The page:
- And we know that Fed Chair Jerome Powell talked about the minimum criteria for a CBDC. The Fed has been tasked with some of this ongoing research that you were just mentioning. I want to have you take a listen to what he said about this criteria.

JEROME POWELL: If we were to pursue a CBDC, it would at a minimum have the following four characteristics. First is intermediated. Second is privacy protected. But third is identity verified. So it would not be anonymous. It would not be an anonymous bearer instrument. And fourth is transferable or interoperable. So we would be looking to balance privacy protection with identity verification, which has to be done, of course, in today's traditional banking system.

- Now, obviously, he was drawing comparisons to how the current financial system is governed, though. But as you talk about this four or five years, this is a multiagency effort here, including the Treasury as well. How much red tape do you think we're going to have to go through at each stage to really actually get this off the ground?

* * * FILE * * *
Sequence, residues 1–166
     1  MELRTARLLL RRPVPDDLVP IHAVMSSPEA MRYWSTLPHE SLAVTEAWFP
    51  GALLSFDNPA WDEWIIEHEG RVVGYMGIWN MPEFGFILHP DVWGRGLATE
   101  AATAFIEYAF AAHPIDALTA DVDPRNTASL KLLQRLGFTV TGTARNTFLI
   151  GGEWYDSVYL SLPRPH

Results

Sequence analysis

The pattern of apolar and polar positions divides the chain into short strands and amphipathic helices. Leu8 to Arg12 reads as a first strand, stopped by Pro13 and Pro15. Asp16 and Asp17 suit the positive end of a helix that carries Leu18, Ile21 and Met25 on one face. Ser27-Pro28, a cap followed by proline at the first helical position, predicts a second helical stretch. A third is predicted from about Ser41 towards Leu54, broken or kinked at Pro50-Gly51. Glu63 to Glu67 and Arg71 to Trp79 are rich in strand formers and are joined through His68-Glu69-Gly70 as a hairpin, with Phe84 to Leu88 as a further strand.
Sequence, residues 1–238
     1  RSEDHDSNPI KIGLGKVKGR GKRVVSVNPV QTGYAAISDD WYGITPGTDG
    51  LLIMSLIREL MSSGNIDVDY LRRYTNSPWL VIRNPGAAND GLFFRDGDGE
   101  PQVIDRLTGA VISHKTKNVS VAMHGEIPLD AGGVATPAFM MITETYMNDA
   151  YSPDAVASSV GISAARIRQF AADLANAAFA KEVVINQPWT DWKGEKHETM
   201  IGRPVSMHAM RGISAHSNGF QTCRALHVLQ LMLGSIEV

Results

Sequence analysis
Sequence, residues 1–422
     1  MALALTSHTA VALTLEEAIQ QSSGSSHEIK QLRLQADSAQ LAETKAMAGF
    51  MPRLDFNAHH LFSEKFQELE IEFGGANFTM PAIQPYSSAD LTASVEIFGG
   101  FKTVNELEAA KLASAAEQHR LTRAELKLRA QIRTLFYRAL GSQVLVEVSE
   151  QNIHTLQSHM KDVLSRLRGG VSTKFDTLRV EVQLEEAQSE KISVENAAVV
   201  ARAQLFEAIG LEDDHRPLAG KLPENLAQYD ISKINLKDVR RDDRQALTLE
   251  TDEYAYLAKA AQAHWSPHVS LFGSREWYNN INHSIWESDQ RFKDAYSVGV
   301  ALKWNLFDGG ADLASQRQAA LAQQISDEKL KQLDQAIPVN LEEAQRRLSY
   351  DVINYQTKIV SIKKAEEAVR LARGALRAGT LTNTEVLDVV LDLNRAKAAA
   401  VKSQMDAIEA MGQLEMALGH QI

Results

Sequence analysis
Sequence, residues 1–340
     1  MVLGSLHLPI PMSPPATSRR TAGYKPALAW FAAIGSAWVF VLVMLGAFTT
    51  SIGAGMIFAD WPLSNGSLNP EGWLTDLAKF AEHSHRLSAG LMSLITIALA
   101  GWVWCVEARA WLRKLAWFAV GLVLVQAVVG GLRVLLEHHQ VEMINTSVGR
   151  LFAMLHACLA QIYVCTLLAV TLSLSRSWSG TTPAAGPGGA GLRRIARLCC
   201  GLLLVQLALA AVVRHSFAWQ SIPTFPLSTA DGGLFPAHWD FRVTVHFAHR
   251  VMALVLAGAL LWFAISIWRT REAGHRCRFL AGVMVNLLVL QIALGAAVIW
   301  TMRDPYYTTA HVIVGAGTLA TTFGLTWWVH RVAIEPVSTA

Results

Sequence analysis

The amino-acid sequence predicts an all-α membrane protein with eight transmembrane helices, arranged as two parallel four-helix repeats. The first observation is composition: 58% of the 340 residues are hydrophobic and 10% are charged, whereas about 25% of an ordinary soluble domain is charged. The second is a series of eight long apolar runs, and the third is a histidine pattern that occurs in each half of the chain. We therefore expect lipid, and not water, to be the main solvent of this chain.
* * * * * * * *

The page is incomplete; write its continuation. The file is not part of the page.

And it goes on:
JONATHAN MCCOLLUM: Yeah, and Chairman Powell has said that he doesn't feel comfortable moving forward with the development of a CBDC without some congressional authorization for the Fed to do so. I know the Justice Department here in the US is looking into that, the legalities. But I think it's important for kind of all of government approach in order to move forward.

A couple of things that he touched on there. It's important for this to be an intermediated model and to run on existing bank payment rails. So this wouldn't be something where an individual consumer would have a credit or an account at the Federal Reserve. It would function through intermediaries, banks, community banks, payment providers, and then filter down to the consumer.

He also touched on privacy. And I think that's a really important component to what we're looking at. Our current existing laws that we have on the books here in the US really outline several areas of how cash should function, should be printed and minted. At the Department of Treasury, it then goes to the Federal Reserve where it's a liability on its books. And then it's distributed by the Federal Reserve out through existing channels going to banks and then different payment providers from there. And I think that's the model that we need to follow.